Oregon urban forest managers gathered at Portland’s World Forestry Center on June 1 to plan for the dreaded invasion of emerald ash borer (EAB). On the march in North America since it was first identified in Michigan in 2002, the destructive wood-boring beetle has unfortunately found its way to Oregon. Galvanized by its discovery last summer in Forest Grove, Oregon Community TreesConference organizers brought together an impressive group of expert speakers and panelists for “What’s Bugging Our Trees? Coping with Emerald Ash Borer in the PNW.”
Early on, when it became clear that the rapid spread of the invasive pest could not be stopped, stewards of Oregon’s forests, both wild and urban, began preparing for the arrival of EAB. USFS grants have provided ongoing support for community tree surveys and inventories. Seeds of Fraxinus latifolia, our native ash, were collected statewide for safekeeping and research. A multi-faceted action plan, aerial surveys, and detailed information about EAB are posted on the ODF Forest Health web page. The OCT conference featured USFS and state urban forestry experts who are working closely to manage the arrival of this and other invasive insect pests and diseases. Experts from “ground zero” communities in the Midwest were invited to share their experiences gained over the past two decades of dealing with EAB.
Geoffrey Donovan, PhD, was among the featured speakers. The Portland-based USFS Research Scientist presented research on the Human Health Impacts from Canopy Changes; compelling evidence on how the sudden loss of trees from EAB in Midwest communities led to increased mortality. He also described how increasing tree canopy in Portland has yielded better health outcomes.
As usual, JFS was the only nursery to attend this important event. OCT conference sponsors since 2005, our company’s donation in support of the event included an array of species-diverse trees for greening the stage and conference room, and for giving away to 12 lucky attendees. Martin Hanni, Guy Meacham, Jim Donohoe and Nancy Buley attended on our behalf. Buley served as an invited panelist for the session, Alternatives to Ash: Resilient Options for Streets, Parks and Yards. She shared a powerpoint presentation entitled Alternatives to Ash.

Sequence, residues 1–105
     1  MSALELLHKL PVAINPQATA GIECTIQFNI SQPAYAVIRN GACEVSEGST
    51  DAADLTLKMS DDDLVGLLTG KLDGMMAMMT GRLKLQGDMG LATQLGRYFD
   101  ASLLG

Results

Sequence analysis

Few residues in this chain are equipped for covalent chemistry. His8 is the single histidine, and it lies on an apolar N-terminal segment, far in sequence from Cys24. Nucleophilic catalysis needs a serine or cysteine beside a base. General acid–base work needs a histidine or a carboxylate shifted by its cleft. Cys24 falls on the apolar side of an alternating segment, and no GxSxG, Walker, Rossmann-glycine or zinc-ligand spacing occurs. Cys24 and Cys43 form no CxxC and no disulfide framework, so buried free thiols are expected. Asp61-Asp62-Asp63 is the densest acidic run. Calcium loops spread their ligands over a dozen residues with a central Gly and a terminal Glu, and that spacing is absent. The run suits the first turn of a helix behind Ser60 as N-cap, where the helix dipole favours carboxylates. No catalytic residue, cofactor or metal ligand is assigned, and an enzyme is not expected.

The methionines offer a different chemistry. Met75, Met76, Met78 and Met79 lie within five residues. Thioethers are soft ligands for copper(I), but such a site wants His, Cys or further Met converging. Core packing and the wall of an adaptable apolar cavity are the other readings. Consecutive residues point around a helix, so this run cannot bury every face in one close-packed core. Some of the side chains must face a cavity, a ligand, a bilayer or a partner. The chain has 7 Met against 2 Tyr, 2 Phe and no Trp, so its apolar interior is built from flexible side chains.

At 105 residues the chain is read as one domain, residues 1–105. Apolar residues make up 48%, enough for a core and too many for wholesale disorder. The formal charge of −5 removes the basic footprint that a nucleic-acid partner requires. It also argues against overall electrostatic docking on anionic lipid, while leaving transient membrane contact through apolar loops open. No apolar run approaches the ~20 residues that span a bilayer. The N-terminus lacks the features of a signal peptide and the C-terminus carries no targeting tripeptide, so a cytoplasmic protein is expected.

Buley reminded conference attendees that experts agree that a diverse mix of Genera and tree species is the best defense against urban forest pests and diseases. For decades, JFS has been ramping up the diversity of species and cultivars offered in our broad product line of urban and landscape trees. During the past 30 years, our product line has grown from the 19 Genera and 109 species and cultivars offered in our 1982 catalog to 64 Genera and 450 species and cultivars presented in our 2023-24 catalog.
Buley concluded that we and other Oregon propagators are producing the species diversity needed to battle invasive pests. However, she advised that it is crucial for urban foresters and other specifiers and buyers to plan ahead to acquire the newer and more unusual species and cultivars. Tree planters must also be willing to pay the higher price that they command in comparison to the common, easily grown and quick-to-produce varieties. They are generally rare for good reasons – harder to propagate and grow profitably, and slow to reach landscape-ready sizes.
The conference was recorded and will soon be made available to attendees. We’ll pass along the link when we receive it. The conference was incredibly informative. We thank the hardworking volunteer OCT board, ODA, USFS, Portland Urban Forestry and other presenting sponsors, and the excellent speakers for making it happen!
Emerald ash borer resources – OSU Extension Service